Who is the Master and Guide of the whole group of learned scholars beginning with Ganapati, Who is the repository of all the highest virtues, Whose beatific effulgence is hidden by the sheath of the gross body, like the blazing sun hidden behind the clouds;
Now that his mortal sheath is breaking down, I thought, it seems that this beatific effulgence is being released, or is escaping, from his physical form.
On March 15, several allopathic doctors met in the cottage west of the dispensary. After discussing Bhagavan's condition, they concluded that he had only one more month to live. This prognosis was correct, for exactly one month later at 8:47 p.m., on the night of April 14th, 1950, Bhagavan left his body.
At this meeting the doctors also decided that Bhagavan should be allowed to eat whatever food he desired. Throughout the course of his treatments, each discipline of medicine he was under had certain dietary restrictions. Often Bhagavan was required to consume items he would not ordinarily eat, or prefer to eat. But in spite of the doctors' decision about his diet, Bhagavan was not allowed to eat the iddlies and chilly powder he requested during the last month of his life.
Out of all the doctors attending on Bhagavan, it was only the allopathic doctors that didn't boast they could cure Bhagavan. The doctors from other disciplines would confidently announce that Bhagavan could be cured. Of course, during the final stages of his illness, when all hope was lost, there was little boasting. All the different systems of medicine, all the best doctors and surgeons and all of the latest medical treatments and technologies failed. Throughout it all, Bhagavan remained what he always was: a spectator in this world drama, ever reveling in the Self.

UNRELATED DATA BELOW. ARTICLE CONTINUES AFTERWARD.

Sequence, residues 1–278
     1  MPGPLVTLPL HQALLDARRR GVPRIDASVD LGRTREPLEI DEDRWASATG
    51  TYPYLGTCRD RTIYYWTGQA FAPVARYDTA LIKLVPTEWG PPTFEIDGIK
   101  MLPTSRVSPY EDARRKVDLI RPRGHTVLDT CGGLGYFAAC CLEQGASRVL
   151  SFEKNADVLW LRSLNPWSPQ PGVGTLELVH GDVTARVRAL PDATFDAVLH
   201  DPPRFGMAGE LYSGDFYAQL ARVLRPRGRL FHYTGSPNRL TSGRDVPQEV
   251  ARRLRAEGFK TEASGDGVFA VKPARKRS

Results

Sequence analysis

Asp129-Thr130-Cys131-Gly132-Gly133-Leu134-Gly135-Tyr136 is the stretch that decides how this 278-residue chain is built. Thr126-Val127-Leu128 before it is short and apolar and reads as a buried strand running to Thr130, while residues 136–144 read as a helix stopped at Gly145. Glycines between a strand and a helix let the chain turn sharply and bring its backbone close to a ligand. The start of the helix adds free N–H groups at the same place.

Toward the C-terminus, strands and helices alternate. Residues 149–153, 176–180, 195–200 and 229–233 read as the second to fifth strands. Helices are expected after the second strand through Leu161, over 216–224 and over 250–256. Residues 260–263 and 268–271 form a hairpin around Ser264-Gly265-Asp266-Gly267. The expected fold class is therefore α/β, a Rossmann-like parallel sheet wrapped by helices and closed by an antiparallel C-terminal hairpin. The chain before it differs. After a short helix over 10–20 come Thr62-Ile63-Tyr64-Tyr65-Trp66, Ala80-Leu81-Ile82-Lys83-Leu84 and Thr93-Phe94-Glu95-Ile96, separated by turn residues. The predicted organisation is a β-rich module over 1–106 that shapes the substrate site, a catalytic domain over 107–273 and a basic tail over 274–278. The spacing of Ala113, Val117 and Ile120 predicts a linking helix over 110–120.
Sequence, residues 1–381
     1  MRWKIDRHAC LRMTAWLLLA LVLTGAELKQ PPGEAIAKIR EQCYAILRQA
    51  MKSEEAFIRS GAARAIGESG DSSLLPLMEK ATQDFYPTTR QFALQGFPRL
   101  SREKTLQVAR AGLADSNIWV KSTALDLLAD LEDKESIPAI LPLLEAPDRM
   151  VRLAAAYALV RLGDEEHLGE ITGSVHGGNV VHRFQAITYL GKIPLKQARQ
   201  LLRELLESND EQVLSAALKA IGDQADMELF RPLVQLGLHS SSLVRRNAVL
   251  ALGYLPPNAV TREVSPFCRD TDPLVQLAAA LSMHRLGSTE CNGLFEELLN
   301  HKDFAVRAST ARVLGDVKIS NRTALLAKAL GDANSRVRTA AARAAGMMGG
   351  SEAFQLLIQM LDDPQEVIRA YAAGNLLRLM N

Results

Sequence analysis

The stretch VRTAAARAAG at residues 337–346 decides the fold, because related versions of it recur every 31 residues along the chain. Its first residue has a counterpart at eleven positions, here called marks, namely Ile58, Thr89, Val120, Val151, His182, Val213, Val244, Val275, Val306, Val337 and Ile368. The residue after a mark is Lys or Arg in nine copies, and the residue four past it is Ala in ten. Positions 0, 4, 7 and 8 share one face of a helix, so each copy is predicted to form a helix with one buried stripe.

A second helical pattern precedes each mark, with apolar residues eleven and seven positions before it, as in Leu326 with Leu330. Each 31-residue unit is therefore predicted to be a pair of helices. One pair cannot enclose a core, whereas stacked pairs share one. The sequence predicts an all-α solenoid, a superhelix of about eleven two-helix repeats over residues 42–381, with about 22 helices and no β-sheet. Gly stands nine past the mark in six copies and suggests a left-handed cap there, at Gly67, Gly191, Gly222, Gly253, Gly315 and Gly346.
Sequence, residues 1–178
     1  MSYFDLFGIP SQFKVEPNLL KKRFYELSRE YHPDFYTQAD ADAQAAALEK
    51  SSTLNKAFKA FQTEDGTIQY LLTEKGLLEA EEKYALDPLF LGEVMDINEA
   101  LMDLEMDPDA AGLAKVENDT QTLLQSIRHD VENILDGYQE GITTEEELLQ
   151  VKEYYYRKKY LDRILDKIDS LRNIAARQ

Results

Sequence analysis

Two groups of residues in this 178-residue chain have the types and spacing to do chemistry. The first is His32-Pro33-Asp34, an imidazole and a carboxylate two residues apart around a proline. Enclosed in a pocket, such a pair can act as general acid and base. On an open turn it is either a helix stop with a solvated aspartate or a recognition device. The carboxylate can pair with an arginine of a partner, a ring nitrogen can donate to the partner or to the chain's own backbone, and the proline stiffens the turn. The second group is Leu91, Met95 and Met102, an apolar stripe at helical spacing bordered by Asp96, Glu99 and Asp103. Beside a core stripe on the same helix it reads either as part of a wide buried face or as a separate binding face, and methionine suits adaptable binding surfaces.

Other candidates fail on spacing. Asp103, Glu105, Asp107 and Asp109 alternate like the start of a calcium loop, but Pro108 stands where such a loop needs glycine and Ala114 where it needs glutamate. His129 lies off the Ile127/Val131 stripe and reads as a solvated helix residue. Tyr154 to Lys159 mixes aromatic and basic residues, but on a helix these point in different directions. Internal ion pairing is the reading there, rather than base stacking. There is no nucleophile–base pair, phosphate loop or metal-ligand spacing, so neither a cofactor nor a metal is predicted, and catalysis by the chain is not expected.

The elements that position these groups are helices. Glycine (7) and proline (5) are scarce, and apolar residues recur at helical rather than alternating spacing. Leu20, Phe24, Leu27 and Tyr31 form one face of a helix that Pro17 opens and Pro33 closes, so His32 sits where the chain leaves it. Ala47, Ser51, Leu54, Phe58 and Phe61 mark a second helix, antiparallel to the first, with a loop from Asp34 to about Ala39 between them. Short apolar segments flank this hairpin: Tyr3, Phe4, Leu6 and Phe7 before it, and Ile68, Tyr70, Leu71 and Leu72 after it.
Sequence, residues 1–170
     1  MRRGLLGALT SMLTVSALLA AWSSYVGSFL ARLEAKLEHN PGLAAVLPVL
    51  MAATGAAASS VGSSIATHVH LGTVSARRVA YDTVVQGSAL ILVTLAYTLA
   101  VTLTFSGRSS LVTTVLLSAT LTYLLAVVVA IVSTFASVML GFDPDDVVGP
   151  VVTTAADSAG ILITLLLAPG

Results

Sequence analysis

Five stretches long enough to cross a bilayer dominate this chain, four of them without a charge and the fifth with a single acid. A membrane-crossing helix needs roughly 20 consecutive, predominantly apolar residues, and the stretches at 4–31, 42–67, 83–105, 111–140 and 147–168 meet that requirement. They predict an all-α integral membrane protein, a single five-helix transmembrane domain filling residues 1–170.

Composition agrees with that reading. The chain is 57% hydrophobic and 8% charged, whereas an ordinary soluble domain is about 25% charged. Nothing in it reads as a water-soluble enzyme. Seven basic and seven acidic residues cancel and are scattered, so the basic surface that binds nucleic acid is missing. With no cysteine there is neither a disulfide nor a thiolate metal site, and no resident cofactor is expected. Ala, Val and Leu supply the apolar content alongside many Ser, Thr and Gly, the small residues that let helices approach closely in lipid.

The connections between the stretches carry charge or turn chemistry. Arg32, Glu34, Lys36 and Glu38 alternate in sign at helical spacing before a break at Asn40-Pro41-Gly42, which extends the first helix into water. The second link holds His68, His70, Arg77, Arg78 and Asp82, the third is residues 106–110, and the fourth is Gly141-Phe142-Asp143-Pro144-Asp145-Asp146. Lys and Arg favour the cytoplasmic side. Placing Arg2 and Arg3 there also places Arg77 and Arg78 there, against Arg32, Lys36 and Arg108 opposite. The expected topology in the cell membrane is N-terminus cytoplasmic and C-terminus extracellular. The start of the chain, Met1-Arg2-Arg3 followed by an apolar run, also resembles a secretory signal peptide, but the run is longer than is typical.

During his last few days, news of his expected demise spread through newspapers and by word of mouth. Thousands were flocking to Ramanasramam to have their final and in many cases their first darshan of the sage. The ashram could hardly cope with the overwhelming crowd.
On April 14th, a bulletin was released to the news service from the office, stating that Bhagavan was no longer giving darshan. By broadcasting this information the management thought the pressing throng of devotees would disperse. When this news reached Bhagavan, he immediately ordered the Sarvadhikari to withdraw the bulletin. In no way would he discontinue giving darshan. Even on this last day, when Bhagavan was in the throes of death, he insisted on giving darshan as usual between the hours of 5 and 6 p.m. He demanded that the devotees should not be prevented from seeing him.
Dr. Lt. Col. P. V. Karmachandani, the district medical officer, was then present. Seeing Bhagavan's critical condition on April 14th, he went to Vellore to bring his wife. The Doctor told me: I had a great desire to offer orange juice to Bhagavan. As the fruit was not available here, we purchased a few at Vellore, which my wife, with great devotion, made into juice. This we took with us to the ashram. Sri Bhagavan was by then declining all liquid, as movement to and from the bathroom was so troublesome to him. Twice he declined the offer, but asked for water instead. I was feeling sorry for my wife's unfulfilled longing. So this time, with all the earnestness of my soul, I conveyed a mute prayer to the Maharshi to spare my wife from a heart-breaking disappointment. Bhagavan at once said, "Give me orange juice." And when I offered it he drank it.